For Free—

Use your existing client list to get a handle on your ideal target. Create a simple spreadsheet that answers the following questions:

  1. Who buys the largest quantity?
  2. Who purchases the highest ticket items?
  3. Who frequents your store most often?
  4. What do the above have in common?

After you import all pertinent information, go straight to the source. Call or email your best customers. Thank them for their business and ask them how you managed to land their accounts. Inquire about which publications they read, programs they watch, and websites they frequent. Focus your promotional efforts on the most frequent mentions.

On a Budget—

In many marketing circles, the shine is off the penny for email marketing campaigns. In fact, some pundits say that email marketing results have declined by 10 to 40 percent over the past five years. On the other hand, email survey campaigns are all the rage. If you have more than a handful of customers, the most efficient way to find out about their preferences is to write a customer survey email.

Perhaps anticipating the winds of change, email newsletter services such as Rate Point and Constant Contact offer user-friendly tools to create and distribute brief surveys. Since most people appreciate knowing that their opinions count, you probably won’t offend anyone by starting the practice.

The Sky’s the Limit—

When your firm can afford it, I recommend you hire someone to conduct market research. Ironically, although this is a crucial step for effective advertising, it is the tool most often overlooked by business owners. This is a shame, since good market research eliminates the unnecessary outlay of ill-spent ad dollars. And, as we all know, a penny saved is a penny earned…and sometimes stored in a high-gloss piggy bank.

Until next week, I’ll be Bowling for Business.

Bowling for Business: The Business of Being Thankful

The Business of Being Thankful

This column appeared on RimoftheWorld.net on November 22, 2009.

Several years ago, my mother-in-law decided to make life easier on herself by preparing the turkey on Christmas Eve. That way, she would be able to slice and store it in broth so she could just re-heat it and relax on Christmas Day. But while she was resting the roasted bird on the oven door so she could get a firmer grip, the weight of the turkey broke the door, spilling 25 pounds of white and dark meat and a gallon of drippings all over her newly mopped floor.

She and my father-in-law spent the better part of Christmas Eve cleaning turkey grease out of the hinges and off of the slick linoleum. They jerry-rigged the door and saved as much of the meat as they could, grateful that the rest of the family was taking care of the side dishes.

But, the next day, while my husband was carrying five pounds of mashed potatoes to the car, he inexplicably dropped the Crock-pot on our tile entryway. The crack that emanated from the broken pot and mess was audible to the entire neighborhood, including both of our dogs, who scurried to the scene to lick up as much as they could before being pelted with throw pillows, slippers and car keys.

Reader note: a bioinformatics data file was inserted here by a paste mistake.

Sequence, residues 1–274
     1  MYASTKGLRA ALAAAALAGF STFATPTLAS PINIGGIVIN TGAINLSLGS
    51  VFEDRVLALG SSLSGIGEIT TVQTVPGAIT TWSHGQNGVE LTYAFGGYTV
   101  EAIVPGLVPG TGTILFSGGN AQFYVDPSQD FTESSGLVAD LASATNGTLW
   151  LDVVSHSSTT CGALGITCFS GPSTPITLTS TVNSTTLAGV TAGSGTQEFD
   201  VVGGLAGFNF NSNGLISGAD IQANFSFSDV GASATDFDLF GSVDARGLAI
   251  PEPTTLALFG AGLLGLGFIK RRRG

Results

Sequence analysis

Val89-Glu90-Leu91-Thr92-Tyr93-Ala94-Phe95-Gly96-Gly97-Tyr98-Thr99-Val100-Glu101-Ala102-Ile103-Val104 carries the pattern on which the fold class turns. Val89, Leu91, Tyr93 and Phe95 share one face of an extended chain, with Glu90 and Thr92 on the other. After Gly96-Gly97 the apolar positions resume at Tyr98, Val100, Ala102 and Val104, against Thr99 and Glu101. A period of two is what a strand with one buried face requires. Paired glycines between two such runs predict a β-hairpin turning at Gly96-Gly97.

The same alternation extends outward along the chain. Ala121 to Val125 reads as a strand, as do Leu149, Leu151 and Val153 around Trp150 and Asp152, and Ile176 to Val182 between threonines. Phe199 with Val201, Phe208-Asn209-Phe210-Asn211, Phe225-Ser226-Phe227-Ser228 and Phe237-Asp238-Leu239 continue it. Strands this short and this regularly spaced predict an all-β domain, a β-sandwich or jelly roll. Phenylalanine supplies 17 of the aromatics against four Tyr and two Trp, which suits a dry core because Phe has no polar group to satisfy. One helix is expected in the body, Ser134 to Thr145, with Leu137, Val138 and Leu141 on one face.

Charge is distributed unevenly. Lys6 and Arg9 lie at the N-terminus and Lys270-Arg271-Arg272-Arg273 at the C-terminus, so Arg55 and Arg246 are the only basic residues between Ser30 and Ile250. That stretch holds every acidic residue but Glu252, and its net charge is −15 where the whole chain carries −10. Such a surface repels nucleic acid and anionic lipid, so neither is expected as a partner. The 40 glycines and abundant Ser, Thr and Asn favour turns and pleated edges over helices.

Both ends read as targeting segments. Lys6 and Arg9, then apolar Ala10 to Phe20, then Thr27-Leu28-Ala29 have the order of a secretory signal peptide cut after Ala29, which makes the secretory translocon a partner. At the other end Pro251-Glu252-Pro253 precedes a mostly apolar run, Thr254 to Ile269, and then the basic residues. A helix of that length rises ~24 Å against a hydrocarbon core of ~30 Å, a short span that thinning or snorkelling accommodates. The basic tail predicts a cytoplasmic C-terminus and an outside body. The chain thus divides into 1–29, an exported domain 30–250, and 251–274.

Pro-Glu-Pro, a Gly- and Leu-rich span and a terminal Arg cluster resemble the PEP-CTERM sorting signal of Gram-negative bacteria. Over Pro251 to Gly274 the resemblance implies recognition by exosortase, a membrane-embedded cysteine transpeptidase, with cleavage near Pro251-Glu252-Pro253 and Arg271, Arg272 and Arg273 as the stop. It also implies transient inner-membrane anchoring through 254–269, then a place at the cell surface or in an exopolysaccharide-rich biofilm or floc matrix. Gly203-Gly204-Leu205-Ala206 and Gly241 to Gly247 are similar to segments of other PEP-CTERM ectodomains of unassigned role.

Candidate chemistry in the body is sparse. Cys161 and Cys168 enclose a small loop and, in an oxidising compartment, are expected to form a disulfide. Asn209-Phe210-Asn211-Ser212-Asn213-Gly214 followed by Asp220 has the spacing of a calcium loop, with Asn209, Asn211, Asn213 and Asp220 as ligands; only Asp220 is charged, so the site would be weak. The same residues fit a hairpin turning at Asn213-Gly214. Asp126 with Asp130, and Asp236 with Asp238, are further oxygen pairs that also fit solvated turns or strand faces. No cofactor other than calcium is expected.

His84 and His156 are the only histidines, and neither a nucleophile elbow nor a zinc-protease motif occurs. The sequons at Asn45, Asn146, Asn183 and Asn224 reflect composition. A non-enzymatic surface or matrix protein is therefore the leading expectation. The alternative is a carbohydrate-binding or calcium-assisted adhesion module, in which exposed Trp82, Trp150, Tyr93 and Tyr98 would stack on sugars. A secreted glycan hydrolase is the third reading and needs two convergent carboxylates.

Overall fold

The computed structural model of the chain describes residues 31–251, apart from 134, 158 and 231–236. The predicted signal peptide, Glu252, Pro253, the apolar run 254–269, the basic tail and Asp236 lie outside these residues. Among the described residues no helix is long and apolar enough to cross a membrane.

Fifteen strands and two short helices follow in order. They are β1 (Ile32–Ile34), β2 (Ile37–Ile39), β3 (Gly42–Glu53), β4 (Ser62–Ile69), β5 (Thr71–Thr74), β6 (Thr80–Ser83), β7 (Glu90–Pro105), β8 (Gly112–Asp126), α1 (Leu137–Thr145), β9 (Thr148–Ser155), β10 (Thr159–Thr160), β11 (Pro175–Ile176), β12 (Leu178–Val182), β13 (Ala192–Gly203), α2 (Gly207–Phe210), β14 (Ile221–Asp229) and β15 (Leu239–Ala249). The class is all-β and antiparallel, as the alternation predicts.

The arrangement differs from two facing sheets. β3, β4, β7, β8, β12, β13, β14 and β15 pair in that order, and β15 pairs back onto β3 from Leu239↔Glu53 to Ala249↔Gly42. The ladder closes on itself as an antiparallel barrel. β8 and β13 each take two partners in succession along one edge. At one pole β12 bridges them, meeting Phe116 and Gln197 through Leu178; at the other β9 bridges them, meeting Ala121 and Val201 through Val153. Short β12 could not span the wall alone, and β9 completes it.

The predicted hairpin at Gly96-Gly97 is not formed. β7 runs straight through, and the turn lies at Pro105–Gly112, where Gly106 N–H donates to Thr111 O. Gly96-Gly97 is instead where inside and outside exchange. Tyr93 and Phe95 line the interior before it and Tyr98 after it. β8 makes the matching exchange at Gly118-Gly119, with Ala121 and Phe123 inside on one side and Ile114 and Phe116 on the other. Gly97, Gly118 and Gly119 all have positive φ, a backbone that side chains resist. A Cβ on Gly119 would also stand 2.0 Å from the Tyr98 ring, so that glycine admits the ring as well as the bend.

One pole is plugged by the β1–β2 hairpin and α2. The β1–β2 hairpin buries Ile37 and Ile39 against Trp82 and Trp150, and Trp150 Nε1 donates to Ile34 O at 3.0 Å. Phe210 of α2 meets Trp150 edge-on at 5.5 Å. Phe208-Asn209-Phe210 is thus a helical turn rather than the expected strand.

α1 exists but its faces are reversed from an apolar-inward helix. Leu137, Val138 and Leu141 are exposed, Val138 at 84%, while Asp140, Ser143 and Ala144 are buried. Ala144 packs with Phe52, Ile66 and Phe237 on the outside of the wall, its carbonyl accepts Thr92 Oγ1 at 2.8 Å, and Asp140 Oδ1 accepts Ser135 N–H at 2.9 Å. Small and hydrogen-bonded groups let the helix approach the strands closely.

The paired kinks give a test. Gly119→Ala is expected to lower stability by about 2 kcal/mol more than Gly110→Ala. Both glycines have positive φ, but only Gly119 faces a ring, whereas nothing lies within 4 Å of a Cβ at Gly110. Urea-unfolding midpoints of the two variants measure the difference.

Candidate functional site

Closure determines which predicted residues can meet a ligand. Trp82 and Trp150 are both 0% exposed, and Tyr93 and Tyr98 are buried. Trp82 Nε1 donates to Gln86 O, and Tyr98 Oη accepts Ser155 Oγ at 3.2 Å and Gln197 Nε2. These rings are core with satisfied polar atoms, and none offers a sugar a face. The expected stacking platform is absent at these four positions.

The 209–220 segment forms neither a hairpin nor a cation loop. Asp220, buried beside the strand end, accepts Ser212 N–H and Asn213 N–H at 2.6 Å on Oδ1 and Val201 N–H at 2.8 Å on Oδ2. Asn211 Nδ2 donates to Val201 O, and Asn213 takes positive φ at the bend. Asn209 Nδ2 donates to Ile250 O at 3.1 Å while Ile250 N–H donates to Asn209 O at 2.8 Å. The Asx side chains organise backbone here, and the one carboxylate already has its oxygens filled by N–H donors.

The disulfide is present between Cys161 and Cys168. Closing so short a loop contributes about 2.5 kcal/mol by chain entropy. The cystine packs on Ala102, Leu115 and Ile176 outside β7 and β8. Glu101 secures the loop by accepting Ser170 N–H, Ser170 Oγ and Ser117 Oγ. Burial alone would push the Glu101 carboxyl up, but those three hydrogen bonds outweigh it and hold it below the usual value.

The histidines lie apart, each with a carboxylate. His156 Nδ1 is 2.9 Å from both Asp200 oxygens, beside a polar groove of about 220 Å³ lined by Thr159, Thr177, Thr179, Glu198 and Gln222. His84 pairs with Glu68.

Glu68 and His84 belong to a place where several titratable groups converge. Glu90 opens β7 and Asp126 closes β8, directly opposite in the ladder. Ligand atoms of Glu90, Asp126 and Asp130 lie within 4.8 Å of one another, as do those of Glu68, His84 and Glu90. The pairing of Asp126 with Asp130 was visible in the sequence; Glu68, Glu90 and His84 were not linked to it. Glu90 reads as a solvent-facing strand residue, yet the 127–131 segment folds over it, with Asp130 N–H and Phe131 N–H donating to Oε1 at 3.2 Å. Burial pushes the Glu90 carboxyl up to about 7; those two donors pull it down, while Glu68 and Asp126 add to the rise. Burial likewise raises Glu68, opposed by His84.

Despite the mishaps, we somehow survived the holidays that year, instant mashed potatoes and inevitable surges in blood pressure. And, in the end, we realized that what mattered most hadn’t changed. We were safe, healthy and had a lot to be thankful for.

This holiday season, I encourage you to take time from your business, and in your business, to focus on what really matters. If you feel more like Ebenezer Scrooge than Tiny Tim, let me take this opportunity to help you remember that, no matter the condition of your business, there are still plenty of things to appreciate.

If Business is Bad, take comfort in the fact that you are not alone. According to poll results released on May 4, 2008, by CBS News and the New York Times, “America’s view of the condition of the national economy has never been bleaker.” And that was 18 months ago…when the unemployment rate was lower and Circuit City was still in the black! So why would I suggest we should remain thankful, nonetheless?

I think American Author Napoleon Hill said it best: “The strongest oak tree of the forest is not the one that is protected from the storm and hidden from the sun. It’s the one that stands in the open where it is compelled to struggle for its existence against the winds and rains and the scorching sun.”

If Business is So-So, no matter how small your profit margin, then take solace in the fact that you remain in the fortunate minority. According to a report by the SBA Office of Advocacy, 14,300 small business owners in America declared bankruptcy in the first quarter of 2009. If you weren’t among them, then pat yourself on the back. Though you might feel like you’re hanging onto the roots of a blade of grass on the edge of the world, try to be thankful that you have anything to hang on to at all.

English Football Coach and former player Steve McClaren summarized the reason we can look forward with hope in tough times, “I survived ultimate failure. Now I fear nothing.” Remember, also, that even Genghis Khan lost some early battles.

If Business is Good, then prepare for greatness. If you are kicking business butt in a bad economy, imagine what you will be able to achieve when economic conditions improve.

Instead of passively taking it all in, leverage your position to stimulate the local economy. Take a tip from Benjamin Franklin, who encouraged his contemporaries to do well by doing good, often noting that “he is ill clothed that is bare of virtue.”

Express your gratitude for business success by

  • Creating jobs
  • Mentoring a new business owner
  • Purchasing locally made products
  • And, most importantly, using your super powers for good instead of evil.

Until next week, I’m thankful to be Bowling for Business.